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KYIV, Ukraine (AP) — Russia has unleashed its military might against Ukrainian cities and sent more troops into the war, seeking to cleave the country in two in a potentially crucial battle for control of the eastern industrial heartland of mining. coal and factories.

Tuesday’s fighting unfolded along a boomerang-shaped front hundreds of kilometers long in what is known as Donbass. If successful, it would give President Vladimir Putin a victory after Moscow forces’ failed attempt to storm the capital, Kyiv, and heavier than expected casualties.

In Mariupol, the now devastated port city in Donbass, Ukrainian troops said the Russian army dropped heavy bombs to flatten what was left of a sprawling steel factory and hit a hospital where hundreds of people were staying.

The eastern cities of Kharkiv and Kramatorsk came under deadly attacks. Russia also said it hit areas around Zaporizhzhia and Dnipro west of Donbass with missiles.

Russian Defense Ministry spokesman Major General Igor Konashenkov said Moscow forces bombed many Ukrainian military sites, including troop concentrations and missile warhead storage depots, in or near several towns or villages. These claims could not be independently verified.

Both sides described the assault that began on Monday as a new phase in the war.

Ukrainian President Volodymyr Zelenskyy said the Russian military was throwing everything it had into the battle, with most of its combat-ready forces now concentrated in Ukraine and just across the Russian border.

“They pushed almost everyone and everything capable of fighting us against Ukraine,” he said in his nightly video address to the nation.

Despite claims that they only strike military sites, the Russians continue to target residential areas and kill civilians, he said.

“The Russian army in this war will forever go down in world history as the most barbaric and inhumane army in the world,” Zelenskyy said.

A few weeks ago, after Russia’s failed attempt to take kyiv, the Kremlin said its main objective was the capture of the predominantly Russian-speaking Donbass, where Moscow-backed separatists have been fighting Ukrainian forces for eight years.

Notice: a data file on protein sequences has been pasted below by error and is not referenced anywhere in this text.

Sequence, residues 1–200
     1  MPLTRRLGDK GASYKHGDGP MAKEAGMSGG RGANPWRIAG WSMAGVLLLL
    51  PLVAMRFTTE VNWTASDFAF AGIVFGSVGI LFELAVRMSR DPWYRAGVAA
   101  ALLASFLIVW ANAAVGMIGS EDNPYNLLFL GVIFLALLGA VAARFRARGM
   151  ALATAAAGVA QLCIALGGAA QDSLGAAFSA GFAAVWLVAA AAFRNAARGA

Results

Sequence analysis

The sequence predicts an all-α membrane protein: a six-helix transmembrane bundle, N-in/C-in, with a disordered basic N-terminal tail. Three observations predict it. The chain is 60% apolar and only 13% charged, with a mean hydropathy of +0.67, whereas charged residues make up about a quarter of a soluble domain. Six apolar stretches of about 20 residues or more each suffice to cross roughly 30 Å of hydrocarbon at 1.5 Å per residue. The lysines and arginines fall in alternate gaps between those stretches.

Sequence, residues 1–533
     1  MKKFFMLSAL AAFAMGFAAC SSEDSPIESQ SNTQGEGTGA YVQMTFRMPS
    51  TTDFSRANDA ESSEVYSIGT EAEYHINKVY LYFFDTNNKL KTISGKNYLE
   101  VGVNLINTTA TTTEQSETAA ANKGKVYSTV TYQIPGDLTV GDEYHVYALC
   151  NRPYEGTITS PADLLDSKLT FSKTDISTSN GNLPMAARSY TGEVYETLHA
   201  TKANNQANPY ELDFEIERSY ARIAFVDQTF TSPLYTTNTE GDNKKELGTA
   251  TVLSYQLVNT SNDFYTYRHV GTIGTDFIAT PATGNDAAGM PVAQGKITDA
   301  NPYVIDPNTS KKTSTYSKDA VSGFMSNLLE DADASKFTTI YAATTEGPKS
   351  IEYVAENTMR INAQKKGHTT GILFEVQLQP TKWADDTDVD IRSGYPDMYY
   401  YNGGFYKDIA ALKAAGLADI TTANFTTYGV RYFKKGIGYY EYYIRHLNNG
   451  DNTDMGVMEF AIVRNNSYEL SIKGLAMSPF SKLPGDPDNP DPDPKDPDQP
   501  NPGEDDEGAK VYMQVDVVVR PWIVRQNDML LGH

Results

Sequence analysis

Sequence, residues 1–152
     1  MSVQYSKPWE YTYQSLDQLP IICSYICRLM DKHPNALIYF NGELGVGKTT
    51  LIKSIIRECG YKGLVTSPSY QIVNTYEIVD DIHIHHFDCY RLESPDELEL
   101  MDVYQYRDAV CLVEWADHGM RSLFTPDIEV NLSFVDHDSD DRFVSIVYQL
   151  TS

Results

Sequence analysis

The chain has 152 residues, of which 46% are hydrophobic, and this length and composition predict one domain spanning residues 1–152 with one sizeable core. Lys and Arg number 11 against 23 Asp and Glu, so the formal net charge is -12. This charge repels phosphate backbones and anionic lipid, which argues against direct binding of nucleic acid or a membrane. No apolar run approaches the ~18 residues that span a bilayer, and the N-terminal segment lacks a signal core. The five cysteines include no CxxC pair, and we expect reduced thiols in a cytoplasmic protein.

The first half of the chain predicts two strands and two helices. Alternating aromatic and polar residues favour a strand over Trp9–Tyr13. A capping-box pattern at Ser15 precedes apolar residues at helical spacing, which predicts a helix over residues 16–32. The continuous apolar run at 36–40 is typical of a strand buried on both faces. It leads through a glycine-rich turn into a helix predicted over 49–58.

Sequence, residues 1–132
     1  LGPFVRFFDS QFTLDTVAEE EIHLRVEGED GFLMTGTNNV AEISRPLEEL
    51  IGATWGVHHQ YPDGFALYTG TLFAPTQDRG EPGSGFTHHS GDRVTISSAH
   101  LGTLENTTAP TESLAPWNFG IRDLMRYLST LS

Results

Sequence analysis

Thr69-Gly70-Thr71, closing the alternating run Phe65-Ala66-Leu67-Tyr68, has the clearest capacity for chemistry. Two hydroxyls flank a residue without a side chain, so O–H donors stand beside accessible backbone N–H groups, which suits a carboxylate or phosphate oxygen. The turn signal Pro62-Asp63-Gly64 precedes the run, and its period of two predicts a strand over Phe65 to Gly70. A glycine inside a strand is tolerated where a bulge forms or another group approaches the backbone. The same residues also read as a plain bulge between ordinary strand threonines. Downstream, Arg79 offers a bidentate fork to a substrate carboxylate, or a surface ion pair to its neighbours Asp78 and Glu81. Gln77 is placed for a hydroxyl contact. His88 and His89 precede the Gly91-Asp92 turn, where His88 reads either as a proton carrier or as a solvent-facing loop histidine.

A Russian victory in the Donbass would deprive Ukraine of the industrial assets concentrated there, including mines, metallurgical plants and heavy equipment factories.

A senior US defense official, speaking on condition of anonymity to discuss the Pentagon’s assessments of the war, said the Russians had added two more combat units, known as battalion battle groups, in Ukraine in the previous 24 hours. This brings the total number of units in the country to 78, all located in the south and east, from 65 last week, the official said.

That would translate to 55,000 to 62,000 troops, from what the Pentagon said at the start of the war, that was the typical strength of a unit of 700 to 800 troops. But accurately determining Russia’s combat capability at this stage is difficult.

A European official, also speaking on condition of anonymity to discuss military assessments, said Russia also had 10,000 to 20,000 foreign fighters in Donbass. According to the official, it is a mixture of mercenaries from the private Russian Wagner Group and Russian proxy fighters from Syria and Libya.

While Ukraine described Monday’s attacks as the start of the dreaded offensive in the east, some observers noted that an escalation had been underway there for some time and wondered if it it was really the beginning of a new offensive.